After multiple fire code violations at Summit High School were revealed to the public in November, fire safety systems were tested, inspected and fixed — if needed — by an independent contractor at every Bend-La Pine Schools building this spring and summer.
More than 45 smoke dampers in nine schools failed testing and were replaced this summer, according to documents provided by Cascade Heating & Specialties, the company that performed the tests and made repairs.
Smoke dampers are found in air ducts and close during fires to prevent smoke from spreading through heating and air conditioning systems.
Repairs to dampers and actuators, which open and close the dampers, were made at Bend, Summit and Mountain View high schools; Sky View and La Pine middle schools; Pine Ridge, Rosland and High Lakes elementary schools; and Three Rivers School.
In a few other schools, Cascade Heating replaced temperature-sensitive devices that hold smoke dampers open until temperatures close the damper and restrict the spread of smoke and fire.
This is the first time Bend-La Pine Schools did not perform its own inspections of fire protection systems. On Dec. 4, Deputy State Fire Marshal Kevin Sullivan wrote a letter to Bend-La Pine Superintendent Shay Mikalson, informing him the school district was banned from inspecting its own fire systems. Before this, Bend-La Pine was the only local major organization or company to maintain its own fire alarms, according to Bend Fire Marshal Larry Medina.
He said Monday that Bend-La Pine would be required to use third-party inspectors until further notice. He said he was confident in Cascade Heating’s inspections, stating that “they know what they’re doing.” Medina also wasn’t surprised by the number of schools with broken smoke dampers.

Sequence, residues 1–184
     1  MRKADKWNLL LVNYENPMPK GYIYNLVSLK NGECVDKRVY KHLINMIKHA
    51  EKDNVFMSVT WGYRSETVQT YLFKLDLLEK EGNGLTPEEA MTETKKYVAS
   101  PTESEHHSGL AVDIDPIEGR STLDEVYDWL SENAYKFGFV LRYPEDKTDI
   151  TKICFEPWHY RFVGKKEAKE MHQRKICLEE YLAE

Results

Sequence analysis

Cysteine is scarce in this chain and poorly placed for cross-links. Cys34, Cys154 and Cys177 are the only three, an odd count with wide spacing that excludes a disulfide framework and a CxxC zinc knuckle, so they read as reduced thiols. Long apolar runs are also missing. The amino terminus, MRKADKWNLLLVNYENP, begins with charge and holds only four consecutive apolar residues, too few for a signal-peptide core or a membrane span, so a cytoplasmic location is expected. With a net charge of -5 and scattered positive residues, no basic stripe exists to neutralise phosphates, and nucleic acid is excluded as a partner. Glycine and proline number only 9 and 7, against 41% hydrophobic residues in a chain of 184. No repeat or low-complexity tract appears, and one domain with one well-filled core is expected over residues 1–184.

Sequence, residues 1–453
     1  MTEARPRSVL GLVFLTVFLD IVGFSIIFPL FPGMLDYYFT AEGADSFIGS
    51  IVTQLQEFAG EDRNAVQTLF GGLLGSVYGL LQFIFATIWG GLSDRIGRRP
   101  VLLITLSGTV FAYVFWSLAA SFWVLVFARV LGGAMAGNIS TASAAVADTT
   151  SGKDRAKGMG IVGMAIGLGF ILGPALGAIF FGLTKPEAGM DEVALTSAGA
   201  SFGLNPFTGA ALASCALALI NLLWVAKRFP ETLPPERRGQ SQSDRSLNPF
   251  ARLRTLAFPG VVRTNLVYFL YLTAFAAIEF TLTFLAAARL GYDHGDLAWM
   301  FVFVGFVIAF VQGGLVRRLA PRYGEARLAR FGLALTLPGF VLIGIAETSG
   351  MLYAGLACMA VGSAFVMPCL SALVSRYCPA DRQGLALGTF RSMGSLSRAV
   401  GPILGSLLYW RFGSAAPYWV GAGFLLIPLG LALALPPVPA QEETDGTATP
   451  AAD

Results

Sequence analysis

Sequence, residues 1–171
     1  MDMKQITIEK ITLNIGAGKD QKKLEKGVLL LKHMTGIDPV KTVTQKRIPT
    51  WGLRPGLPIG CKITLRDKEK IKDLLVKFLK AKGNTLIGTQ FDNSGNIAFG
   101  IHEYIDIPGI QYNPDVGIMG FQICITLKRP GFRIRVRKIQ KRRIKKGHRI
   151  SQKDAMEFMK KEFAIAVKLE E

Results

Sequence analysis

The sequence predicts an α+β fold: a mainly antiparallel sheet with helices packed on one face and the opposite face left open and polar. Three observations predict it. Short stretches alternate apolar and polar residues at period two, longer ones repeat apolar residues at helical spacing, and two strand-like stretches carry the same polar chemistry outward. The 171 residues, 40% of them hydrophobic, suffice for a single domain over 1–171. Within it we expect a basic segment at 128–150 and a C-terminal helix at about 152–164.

“We anticipated that if it was happening at one school, it was most likely happening at all the schools,” he said.
Dan Dummitt, Bend-La Pine’s maintenance supervisor, said the school district has spent more than $600,000 on the fire system inspections, and wrote in an email that Cascade Heating has “done a great job.”
Like Medina, Dummitt wrote that he was not caught off-guard by the number of failed smoke dampers.
“With over 2.8 million square feet (of building space) in the district, it is normal to have equipment in need of repair,” he wrote.
In November, two Bend-La Pine maintenance employees said they thought the fire code violations at Summit High were done intentionally. For example, they believed the smoke dampers were permanently propped open because the district didn’t want to pay for repairs.
Medina said he wasn’t sure how many of the fire system deficiencies found this summer were intentionally caused, as inspections only tell the fire department whether or not the systems work — not why they don’t work.
The first schools to be tested and repaired were Summit and Sky View, which received fixes in the spring, according to Cascade Heating documents. Each school had two-thirds of its smoke dampers replaced, and all actuators replaced.
The final schools to receive repairs are three La Pine schools: Rosland Elementary and La Pine middle and high schools. Eric Tabert from Cascade Heating said he expects to finish repairs at those schools before classes begin Wednesday.
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